A few DMG/Application questions

Discussion in 'Mac Basics and Help' started by GovtLawyer, Jun 8, 2009.

  1. GovtLawyer macrumors 6502

    Joined:
    Sep 6, 2008
    #1
    I have a whole folder of downloaded items which I'd like to empty. Much of that is dmg files. My limited understanding of a dmg file is that its like a PC Zip file and once opened and the application is installed, you can trash it. However, I've had some applications act funny. For example, I downloaded Google Earth and put it on the Dock. Some days later I shut down the machine and when I restarted it, the Google Earth icon was a "?". When I double clicked it, it put the DMG on my desktop as a drive, and I clicked it and clicked on the app again. Now Google Earth seems to stay there, but I'm not sure what I did differently. There were other applications as well where it seemed that each time I closed it, it had to place the dmg file on the desktop before I could open it again. (A few games reacted this way and perhaps some other apps as well.)

    So, what exactly is the dmg file, and the resulting drive icon? How do I know if I can clear my download file of these DMGs?

    I hope my question was clear.

    Thanks,

    Steven
     
  2. i.shaun macrumors 6502a

    i.shaun

    Joined:
    May 1, 2008
    Location:
    Canada
    #2
    DMGs are disk images which are like archives (zip files).

    Once they mount and you copy the app to the "applications" folder, it should install (unless it has an installer package which you then double click from the dmg)

    If you opened an app from the DMG file, and saved that to the dock, it will probably disappear once the DMG is dismounted and trashed. You should always copy them to the applications folder, then open it from there



    edit: the apps appear on the dock when you open them, you just have to make sure they were opened from the app folder, not from the DMG. That is why the apps you have only open when the DMG is mounted, because dock icons are "aliases" or "Shortcuts" pointing to the app -- and if the DMG is not mounted, it's pointing to an invalid path.
     
  3. uberboe macrumors newbie

    Joined:
    Jan 22, 2009
    #3
    Did you put the app in the application folder before dragging it to the dock?
     
  4. GovtLawyer thread starter macrumors 6502

    Joined:
    Sep 6, 2008
    #5
    DMGs Continued

    Well, all of that makes sense. I'm pretty sure that I opened apps from the dmg files; simply clicked on them, and let them do whatever they were going to do by themselves. In other words, I never thought I had to drag them to the applications folder before opening them; I thought all of that was automatic. So, it makes sense that the a few of the dmg files would have to mount each time.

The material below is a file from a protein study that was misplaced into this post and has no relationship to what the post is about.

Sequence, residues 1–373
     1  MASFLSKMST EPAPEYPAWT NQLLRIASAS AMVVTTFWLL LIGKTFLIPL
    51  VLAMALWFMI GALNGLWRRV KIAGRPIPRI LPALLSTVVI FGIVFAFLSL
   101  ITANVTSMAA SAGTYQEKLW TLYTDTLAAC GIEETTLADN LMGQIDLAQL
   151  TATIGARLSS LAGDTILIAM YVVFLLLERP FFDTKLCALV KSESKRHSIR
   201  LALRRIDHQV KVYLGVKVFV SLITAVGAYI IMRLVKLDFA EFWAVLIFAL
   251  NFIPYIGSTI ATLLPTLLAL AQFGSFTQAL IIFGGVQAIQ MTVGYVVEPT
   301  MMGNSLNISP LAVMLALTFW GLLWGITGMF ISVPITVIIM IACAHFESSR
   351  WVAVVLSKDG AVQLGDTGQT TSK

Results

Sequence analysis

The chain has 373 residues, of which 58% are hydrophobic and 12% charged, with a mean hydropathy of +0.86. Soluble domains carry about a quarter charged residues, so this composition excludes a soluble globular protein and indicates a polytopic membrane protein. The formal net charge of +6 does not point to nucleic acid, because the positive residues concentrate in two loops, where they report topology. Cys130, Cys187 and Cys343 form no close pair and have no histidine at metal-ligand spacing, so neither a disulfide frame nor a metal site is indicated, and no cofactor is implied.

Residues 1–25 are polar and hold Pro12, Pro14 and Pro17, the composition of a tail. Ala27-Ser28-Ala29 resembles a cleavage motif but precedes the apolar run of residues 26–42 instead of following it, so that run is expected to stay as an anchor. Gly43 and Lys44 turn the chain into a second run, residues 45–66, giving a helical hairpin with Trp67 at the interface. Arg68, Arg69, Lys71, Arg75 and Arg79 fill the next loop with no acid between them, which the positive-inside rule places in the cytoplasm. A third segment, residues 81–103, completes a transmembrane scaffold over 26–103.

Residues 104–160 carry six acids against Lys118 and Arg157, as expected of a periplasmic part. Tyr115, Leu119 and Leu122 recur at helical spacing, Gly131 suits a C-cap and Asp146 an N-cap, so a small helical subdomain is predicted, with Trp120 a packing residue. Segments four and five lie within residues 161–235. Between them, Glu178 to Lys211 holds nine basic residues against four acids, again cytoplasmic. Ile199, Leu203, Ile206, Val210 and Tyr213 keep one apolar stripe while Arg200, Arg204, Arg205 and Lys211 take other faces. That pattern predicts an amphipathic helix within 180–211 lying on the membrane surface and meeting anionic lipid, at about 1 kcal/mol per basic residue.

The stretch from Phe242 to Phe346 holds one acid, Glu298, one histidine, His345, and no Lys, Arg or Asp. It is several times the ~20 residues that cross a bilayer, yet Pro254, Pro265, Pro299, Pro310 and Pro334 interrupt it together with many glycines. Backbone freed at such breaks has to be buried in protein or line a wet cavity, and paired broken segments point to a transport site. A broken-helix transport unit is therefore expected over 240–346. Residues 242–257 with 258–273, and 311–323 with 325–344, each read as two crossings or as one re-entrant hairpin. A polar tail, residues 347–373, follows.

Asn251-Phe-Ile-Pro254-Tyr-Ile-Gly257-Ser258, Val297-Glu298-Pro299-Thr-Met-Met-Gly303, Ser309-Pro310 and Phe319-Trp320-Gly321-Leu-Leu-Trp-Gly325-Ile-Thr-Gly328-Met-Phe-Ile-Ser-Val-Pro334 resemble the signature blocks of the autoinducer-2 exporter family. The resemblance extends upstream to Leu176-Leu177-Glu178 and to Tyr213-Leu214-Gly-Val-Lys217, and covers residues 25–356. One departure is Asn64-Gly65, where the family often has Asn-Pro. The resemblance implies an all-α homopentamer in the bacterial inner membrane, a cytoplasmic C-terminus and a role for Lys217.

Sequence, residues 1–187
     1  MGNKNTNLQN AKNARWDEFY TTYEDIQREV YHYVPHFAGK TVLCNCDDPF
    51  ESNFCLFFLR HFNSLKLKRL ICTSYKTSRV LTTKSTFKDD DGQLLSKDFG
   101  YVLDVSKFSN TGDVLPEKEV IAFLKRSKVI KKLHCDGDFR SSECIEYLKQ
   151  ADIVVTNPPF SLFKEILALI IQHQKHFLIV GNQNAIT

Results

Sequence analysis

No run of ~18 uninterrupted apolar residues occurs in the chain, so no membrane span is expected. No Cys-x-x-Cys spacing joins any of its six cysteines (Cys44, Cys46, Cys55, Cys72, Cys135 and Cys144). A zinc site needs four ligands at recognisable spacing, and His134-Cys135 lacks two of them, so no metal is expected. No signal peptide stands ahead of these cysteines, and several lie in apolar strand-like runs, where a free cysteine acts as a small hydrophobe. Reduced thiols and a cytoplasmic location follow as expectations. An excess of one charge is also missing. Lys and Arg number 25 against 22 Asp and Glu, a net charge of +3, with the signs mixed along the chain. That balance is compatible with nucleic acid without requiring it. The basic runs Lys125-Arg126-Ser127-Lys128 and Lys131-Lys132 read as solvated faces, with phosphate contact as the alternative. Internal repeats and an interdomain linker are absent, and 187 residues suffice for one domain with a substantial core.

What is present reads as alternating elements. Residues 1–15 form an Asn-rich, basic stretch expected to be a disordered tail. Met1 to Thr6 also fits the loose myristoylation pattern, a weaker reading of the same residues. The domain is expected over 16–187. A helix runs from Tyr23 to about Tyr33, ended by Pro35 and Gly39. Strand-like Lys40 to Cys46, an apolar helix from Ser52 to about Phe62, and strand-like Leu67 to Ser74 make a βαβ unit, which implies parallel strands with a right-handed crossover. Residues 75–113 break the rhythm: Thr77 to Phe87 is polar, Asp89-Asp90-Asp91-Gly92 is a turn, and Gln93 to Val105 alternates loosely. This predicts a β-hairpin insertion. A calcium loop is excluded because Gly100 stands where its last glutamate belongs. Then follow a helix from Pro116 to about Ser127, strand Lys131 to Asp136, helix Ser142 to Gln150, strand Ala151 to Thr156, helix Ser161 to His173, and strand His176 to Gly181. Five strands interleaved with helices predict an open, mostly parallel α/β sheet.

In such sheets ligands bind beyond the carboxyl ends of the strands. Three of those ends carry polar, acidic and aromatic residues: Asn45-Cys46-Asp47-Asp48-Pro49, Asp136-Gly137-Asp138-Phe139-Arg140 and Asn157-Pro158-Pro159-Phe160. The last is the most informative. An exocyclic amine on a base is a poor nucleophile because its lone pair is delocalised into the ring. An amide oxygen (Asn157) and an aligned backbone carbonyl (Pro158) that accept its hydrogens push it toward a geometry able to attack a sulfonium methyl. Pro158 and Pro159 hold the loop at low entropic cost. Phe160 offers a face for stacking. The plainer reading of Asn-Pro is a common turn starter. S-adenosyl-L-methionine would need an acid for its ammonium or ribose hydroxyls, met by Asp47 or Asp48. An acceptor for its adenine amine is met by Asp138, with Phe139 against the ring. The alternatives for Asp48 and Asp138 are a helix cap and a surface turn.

It appears clear to me that this question and the two I posted immediately before, have a common thread. I was so jaded by my years of Windows and all of the crap I had to put up with, that I presumed Max/OSX to be so superior that I'd hardly have to do anything; it would run itself. Clearly, it takes a bit more on my part. In any event, its still been a pleasure to work on my Mac each day, despite my few false starts.
     
  5. i.shaun macrumors 6502a

    i.shaun

    Joined:
    May 1, 2008
    Location:
    Canada
    #6
    OS X takes some getting used to, it is a system like any other. That means it too can encounter problems if things aren't done right or ignored. No system is fool proof.


    When you get used to it, it's actually A LOT easier than window's way of Executing an installer, and having to reboot almost every time. Most OS X apps just open a Disk Image (dmg) which is a compact way to store things, similar to Zip archives or RAR files.


    You double-click the dmg, let it mount, then look at the files inside. If it's an application, drag it to the applications folder to install (it will often have a shortcut inside the dmg pointing to the app folder ). If it is an installer, double click to start the install process







    Applications themselves are packages with the application, and resource files it needs all in one bundle. Right click any application and "show package contents" to see what's inside, but don't edit anything unless you know what you're doing.
     
  6. GovtLawyer thread starter macrumors 6502

    Joined:
    Sep 6, 2008
    #7
    Its the dragging it to the applications folder which I never did. I just assumed that you click it and it installs. Obviously, some do and some do not.
     
  7. r.j.s Moderator emeritus

    r.j.s

    Joined:
    Mar 7, 2007
    Location:
    Texas
    #8
    Most apps don't even need to be in the Apps folder, you could put them wherever you like, although the Apps folder is easiest, since they will all be in one place.
     
  8. i.shaun macrumors 6502a

    i.shaun

    Joined:
    May 1, 2008
    Location:
    Canada
    #9
    open Finder, and click on "Finder" in the task bar at the top, and "Preferences"

    Go to "Advanced" and check the option for "show all file extensions".


    This way it's easier to tell.

    application.app -- application: Drag to the app folder to install
    application.pkg --package: double click to open, it will probably run an installer.
     

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